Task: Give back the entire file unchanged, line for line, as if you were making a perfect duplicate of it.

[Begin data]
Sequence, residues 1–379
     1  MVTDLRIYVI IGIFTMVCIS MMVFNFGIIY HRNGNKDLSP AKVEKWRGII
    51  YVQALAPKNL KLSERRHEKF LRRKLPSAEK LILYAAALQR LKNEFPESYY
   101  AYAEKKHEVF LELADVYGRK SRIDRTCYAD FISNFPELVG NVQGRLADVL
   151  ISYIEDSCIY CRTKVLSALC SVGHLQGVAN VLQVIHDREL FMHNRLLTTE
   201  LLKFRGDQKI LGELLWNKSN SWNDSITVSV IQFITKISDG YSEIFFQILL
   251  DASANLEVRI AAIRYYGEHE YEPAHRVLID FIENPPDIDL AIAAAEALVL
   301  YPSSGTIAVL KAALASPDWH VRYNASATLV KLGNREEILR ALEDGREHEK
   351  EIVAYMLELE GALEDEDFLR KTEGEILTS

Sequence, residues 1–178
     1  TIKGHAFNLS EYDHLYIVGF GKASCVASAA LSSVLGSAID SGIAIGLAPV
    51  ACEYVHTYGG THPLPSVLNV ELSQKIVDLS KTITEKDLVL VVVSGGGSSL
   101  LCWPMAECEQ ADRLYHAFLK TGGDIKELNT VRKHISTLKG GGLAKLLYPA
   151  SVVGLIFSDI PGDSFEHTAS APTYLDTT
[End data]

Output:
Sequence, residues 1–379
     1  MVTDLRIYVI IGIFTMVCIS MMVFNFGIIY HRNGNKDLSP AKVEKWRGII
    51  YVQALAPKNL KLSERRHEKF LRRKLPSAEK LILYAAALQR LKNEFPESYY
   101  AYAEKKHEVF LELADVYGRK SRIDRTCYAD FISNFPELVG NVQGRLADVL
   151  ISYIEDSCIY CRTKVLSALC SVGHLQGVAN VLQVIHDREL FMHNRLLTTE
   201  LLKFRGDQKI LGELLWNKSN SWNDSITVSV IQFITKISDG YSEIFFQILL
   251  DASANLEVRI AAIRYYGEHE YEPAHRVLID FIENPPDIDL AIAAAEALVL
   301  YPSSGTIAVL KAALASPDWH VRYNASATLV KLGNREEILR ALEDGREHEK
   351  EIVAYMLELE GALEDEDFLR KTEGEILTS

Sequence, residues 1–178
     1  TIKGHAFNLS EYDHLYIVGF GKASCVASAA LSSVLGSAID SGIAIGLAPV
    51  ACEYVHTYGG THPLPSVLNV ELSQKIVDLS KTITEKDLVL VVVSGGGSSL
   101  LCWPMAECEQ ADRLYHAFLK TGGDIKELNT VRKHISTLKG GGLAKLLYPA
   151  SVVGLIFSDI PGDSFEHTAS APTYLDTT